A NOVEL JOURNEY
Writing & Publishing A Novel
I started writing short stories when I was four years old.
It’s a hard habit to kick, so when my stories grew too big for a few pages I literally had no idea how to tame a larger piece and just started writing page after page without any planning. What I ended up with was a jumble of words that resembled a labyrinth or discount bin at Target more than a novel.
I needed some semblance of a plan.
But when I tried neatly outlining by hand on a legal pad, that didn’t work either. My brain could wrap around individual scenes but not in any reasonable order. I ended up crossing out and restarting half a dozen times. Finally, I realized the answer was simple-ish. One closet door and stacks of post-its later, the real planning had begun. Here’s how I outline – part one.
Color-coding helps. It enables me to sort ideas into the three acts of the novel. (See my Save the Cat post for more info.) I can move around the plot points, attach them to each other, and even code further with quick visuals for subplots, too.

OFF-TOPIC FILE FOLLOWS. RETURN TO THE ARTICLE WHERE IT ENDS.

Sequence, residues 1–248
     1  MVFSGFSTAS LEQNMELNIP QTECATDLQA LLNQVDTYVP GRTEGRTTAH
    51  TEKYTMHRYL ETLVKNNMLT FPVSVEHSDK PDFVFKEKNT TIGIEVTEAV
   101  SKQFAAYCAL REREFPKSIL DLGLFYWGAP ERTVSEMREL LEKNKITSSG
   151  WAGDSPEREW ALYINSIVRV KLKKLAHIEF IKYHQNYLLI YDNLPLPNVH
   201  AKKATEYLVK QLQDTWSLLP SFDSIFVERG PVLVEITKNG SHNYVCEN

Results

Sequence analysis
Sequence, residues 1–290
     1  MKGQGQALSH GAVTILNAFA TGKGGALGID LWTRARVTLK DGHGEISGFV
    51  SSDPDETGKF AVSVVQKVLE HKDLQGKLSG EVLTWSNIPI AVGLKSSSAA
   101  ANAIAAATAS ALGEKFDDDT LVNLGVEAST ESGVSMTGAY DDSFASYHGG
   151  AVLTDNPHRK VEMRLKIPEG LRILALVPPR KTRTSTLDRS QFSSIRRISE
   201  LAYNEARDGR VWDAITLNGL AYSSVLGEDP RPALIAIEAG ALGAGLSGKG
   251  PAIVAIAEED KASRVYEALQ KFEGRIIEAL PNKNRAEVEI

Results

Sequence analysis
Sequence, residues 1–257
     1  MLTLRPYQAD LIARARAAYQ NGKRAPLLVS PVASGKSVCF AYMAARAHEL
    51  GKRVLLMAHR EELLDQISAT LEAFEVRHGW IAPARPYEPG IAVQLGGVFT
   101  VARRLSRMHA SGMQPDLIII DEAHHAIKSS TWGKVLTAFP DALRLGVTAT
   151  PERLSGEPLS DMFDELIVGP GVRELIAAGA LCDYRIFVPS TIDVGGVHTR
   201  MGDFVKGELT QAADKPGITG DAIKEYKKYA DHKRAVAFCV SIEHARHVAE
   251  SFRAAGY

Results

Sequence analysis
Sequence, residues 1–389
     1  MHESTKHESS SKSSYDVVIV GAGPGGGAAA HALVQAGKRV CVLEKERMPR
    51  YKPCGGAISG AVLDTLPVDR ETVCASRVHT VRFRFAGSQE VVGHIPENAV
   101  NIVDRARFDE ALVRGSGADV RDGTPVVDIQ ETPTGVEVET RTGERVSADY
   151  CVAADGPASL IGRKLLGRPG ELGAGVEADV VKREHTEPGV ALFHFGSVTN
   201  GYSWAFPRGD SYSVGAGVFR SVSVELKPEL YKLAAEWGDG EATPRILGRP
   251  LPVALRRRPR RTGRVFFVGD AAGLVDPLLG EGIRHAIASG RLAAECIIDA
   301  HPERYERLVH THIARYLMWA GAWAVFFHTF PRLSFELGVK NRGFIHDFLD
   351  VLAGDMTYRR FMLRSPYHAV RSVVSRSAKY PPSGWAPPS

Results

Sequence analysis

For me, planning backwards makes sense. I need to know how things work out so I can subtly drop clues – and sometimes misdirection – throughout. The post-its allow me to constantly reassess how well those hints are spaced out and where they need to go.
Finally, the post-its make the project feel more manageable. Be still my short story heart. Each square is a scene, not a chapter, and I can focus my energy on perfecting these moments while always keeping a cautionary eye on the full landscape of the novel.
There are a million different ways to outline, but a door and post-its somehow work for me.